Legendary talk show host David Letterman has a date set for his retirement, but while that date hasn’t come, he apparently can do anything he wants on his show. Letterman spent almost five minutes of his show on Friday night debating on whether he can play songs by The Eagles or not. The band is reportedly notorious for being reluctant about licensing their music, and Letterman wasn’t happy about it.
Excited about the upcoming concert of The Eagles at Madison Square Garden on September 20, Letterman bantered with an audience member about going and asked his band leader and sidekick, Paul Shaffer, to play some songs by them. Panicking, a producer of The Late Show informed them that they weren’t allowed to play songs by The Eagles because the band didn’t license their music to TV shows.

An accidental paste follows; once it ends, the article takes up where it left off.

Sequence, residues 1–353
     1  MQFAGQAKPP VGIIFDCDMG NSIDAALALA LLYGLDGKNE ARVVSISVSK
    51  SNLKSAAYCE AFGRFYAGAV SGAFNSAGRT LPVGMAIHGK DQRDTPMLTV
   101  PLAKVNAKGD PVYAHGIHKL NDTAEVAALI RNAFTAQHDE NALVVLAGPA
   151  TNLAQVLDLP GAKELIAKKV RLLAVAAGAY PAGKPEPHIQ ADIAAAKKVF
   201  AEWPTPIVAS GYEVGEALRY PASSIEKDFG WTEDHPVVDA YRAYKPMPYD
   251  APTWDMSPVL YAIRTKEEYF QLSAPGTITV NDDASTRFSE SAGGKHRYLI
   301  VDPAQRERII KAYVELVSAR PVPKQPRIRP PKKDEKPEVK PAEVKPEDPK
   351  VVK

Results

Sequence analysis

Letterman toyed with the idea of paying for the track, but the producer replied that there was no way it could happen. “They won't give us a number, they just said no. The licensing people just said no," said the producer.
Apparently miffed that he was being told what he couldn’t do on his own show, Letterman didn’t back down from the issue, consulting with director Jerry Foley on air. Foley suggested that they play a few lines in order to circumvent licensing issues, which prompted Letterman and Shaffer to discuss which song would do the show justice.
“Paul, aren't you just now really dying to play an Eagles song?” Letterman teased at one point, looking as if he was ready to push through with hearing a song by The Eagles on his show. However, just as it seemed as if they had made a decision, Letterman ended the discussion abruptly.
“You know what, I'm not that interested anymore,” he said. The dismissal came off as an effective jab at The Eagles for the band’s licensing policy.
It was in April earlier this year when Letterman announced that he would be retiring in 2015.